About 300 people marched in downtown Riga on Friday to honor Latvians who fought in a Waffen SS unit during World War II.
Dozens of police in riot gear flanked the procession to prevent a repeat of clashes that have marred the annual commemoration in recent years. No incidents were reported during the march, which ended at the Freedom Monument in the center of Riga.
Later Friday, Latvian nationalists and anti-fascist groups were planning separate demonstrations.
Some Latvians regard the Latvian Waffen SS, also known as the Latvian Legion, as heroes who fought not for the Nazis, but for Latvian independence against Soviet occupiers.
Soviet forces occupied the Baltic states of Latvia, Lithuania and Estonia in June 1940, but were driven out by the Germans a year later. The Red Army retook the Baltics in 1944, and reincorporated them into the Soviet Union.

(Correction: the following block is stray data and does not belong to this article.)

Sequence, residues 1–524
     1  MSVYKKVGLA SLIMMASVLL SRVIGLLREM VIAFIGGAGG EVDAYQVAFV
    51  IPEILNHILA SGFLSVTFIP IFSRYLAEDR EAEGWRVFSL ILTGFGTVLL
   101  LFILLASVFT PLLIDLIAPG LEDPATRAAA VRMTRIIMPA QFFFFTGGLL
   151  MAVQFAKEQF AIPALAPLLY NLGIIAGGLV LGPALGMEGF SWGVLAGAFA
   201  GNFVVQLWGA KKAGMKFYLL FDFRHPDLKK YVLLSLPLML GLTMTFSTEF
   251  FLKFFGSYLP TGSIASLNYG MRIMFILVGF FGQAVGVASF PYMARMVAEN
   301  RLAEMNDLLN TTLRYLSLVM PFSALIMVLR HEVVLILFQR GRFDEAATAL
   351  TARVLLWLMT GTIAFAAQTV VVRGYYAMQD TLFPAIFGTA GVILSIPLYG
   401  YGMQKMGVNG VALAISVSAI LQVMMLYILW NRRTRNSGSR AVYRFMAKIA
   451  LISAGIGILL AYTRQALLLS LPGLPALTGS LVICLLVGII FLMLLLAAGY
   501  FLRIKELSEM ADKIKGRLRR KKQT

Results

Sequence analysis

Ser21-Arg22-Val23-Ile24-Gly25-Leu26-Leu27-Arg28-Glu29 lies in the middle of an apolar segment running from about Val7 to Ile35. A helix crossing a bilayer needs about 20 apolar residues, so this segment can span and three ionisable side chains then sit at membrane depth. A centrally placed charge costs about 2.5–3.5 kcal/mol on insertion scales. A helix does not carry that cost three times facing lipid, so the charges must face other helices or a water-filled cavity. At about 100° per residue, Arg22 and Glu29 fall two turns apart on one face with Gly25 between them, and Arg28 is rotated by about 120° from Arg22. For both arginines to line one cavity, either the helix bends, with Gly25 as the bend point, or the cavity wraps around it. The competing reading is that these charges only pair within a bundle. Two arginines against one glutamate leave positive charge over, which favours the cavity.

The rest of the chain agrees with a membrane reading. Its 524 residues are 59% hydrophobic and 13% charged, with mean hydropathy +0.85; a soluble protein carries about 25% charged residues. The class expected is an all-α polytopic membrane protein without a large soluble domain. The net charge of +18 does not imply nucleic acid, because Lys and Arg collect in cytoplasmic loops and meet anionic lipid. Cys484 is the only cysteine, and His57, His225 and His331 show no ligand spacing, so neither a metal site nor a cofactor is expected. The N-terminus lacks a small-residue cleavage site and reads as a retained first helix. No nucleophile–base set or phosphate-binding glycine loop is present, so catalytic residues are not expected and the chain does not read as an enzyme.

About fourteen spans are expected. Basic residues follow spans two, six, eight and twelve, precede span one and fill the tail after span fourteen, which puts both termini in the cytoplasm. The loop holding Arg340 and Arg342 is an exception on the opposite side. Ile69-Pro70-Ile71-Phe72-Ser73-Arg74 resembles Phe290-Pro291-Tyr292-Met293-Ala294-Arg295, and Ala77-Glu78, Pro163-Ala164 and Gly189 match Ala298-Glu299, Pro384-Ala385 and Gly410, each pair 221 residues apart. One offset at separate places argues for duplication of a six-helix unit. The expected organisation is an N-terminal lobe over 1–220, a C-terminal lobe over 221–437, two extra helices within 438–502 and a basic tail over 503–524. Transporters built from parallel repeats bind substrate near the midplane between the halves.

About 250,000 Latvians ended up fighting alongside either the Germans or the Soviets - and some 150,000 Latvians died in the fighting.
Nearly 80,000 Jews, or 90 percent of Latvia's prewar Jewish population, were killed in 1941-42, two years before the formation of the Latvian Waffen SS unit - which some Latvians claim shows the unit could not have played a role in the Holocaust. But an unknown number of Latvian
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